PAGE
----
Returning to work after a head injury can be a huge step in someone’s recovery. It can indicate that things are getting back to normal and that your life is back on track. However, it is also important to remember that you have sustained an injury which may impact on your day to day working ability and the way you interact with others at work.
It is important that if you are thinking of returning to work after a brain injury you are completely ready for this step. You need to make sure you are prepared and try not to rush things. Returning to work too quickly after an injury can cause problems for your recovery. It can damage your confidence if you are not able to do certain tasks as you would once have been able to. If your job is particularly stressful or involves a lot of decision making, you may want to consider discussing how you can get help for these tasks before returning.
However, there are plenty of things you can do to help yourself and ensure your return to work is successful.
Seek the right support
Finding the correct support is important in the workplace and knowing you are not alone in itself can help you to reintegrate. Getting help from other people may seem like backing down and giving up, but it actually shows a huge amount of strength and can help with a more successful return to work.
Specialist vocational rehabilitation, occupational therapists and disability employment advisors can all be excellent sources of support and provide you with the help and information you need when you are considering returning to work.
Not only that, but the help and support you can get from your family and friends can be invaluable and mustn’t be underestimated.
Speak to your employer
Speaking to your employer and being honest about your abilities and limitations can also help with your return to work. By fully explaining the situation to your employer, and also other colleagues, you will help them to understand why you may need help with certain tasks and they will know how to help if you do encounter any problems.
Your employer will also be able to help ensure that the working environment is correct for you and is set up to give you the best chance of returning and completing tasks to the best of your ability. Often, busy, noisy and stressful offices can be difficult to cope with and may mean concentration levels are at a minimum. By addressing such things with your employer you can find the best environment for you and your individual needs.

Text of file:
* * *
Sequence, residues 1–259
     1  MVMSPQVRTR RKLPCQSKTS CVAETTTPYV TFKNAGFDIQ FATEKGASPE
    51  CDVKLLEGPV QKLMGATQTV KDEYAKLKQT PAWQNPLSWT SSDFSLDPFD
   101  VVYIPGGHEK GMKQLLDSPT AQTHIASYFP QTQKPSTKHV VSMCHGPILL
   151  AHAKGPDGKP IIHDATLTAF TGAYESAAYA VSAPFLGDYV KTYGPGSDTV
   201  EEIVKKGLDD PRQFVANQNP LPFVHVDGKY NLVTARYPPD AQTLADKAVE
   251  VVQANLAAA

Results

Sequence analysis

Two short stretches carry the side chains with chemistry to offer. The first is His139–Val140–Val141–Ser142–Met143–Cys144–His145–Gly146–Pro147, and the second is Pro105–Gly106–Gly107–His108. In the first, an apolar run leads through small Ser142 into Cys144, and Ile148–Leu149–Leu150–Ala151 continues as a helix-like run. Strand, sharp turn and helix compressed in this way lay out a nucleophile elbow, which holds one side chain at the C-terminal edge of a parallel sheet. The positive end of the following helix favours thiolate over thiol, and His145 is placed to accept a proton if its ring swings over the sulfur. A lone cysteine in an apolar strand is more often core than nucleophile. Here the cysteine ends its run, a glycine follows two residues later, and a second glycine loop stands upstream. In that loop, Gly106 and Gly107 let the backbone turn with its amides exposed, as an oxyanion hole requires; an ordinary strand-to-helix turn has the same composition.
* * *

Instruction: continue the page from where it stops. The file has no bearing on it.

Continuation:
Set realistic goals and be positive
You need to ensure you set yourself realistic goals, but also make sure you feel positive about returning to work. Managing expectations and setting goals which are achievable can mean a much easier return to work and make you feel more positive about the situation.
Being realistic about what you are ready to undertake and having a positive attitude can make all the difference to you and to others in your workplace.
Ask for feedback and monitoring
Sometimes it can be difficult after a brain injury to assess your own performance and see where things are going right and where things can be improved. By asking for feedback and monitoring any problems that do arise can be addressed and rectified quickly.
Review meetings can be useful, not only for addressing problems, but for also showing positives in the work you have done. Discussing how you are performing well in areas can have a hugely positive effect on your return to work and can mean a change in the tasks you are doing to ones better suited to your ability. It also gives a platform to improve on and gradually build tasks up to a level you are comfortable with.
Although there is a lot to consider when returning to work, it can mean a return to some sort of routine and normality which helps in your overall recovery after a brain injury. Just remember, if you need help or need to adjust working environments and times of work, don’t be afraid to ask.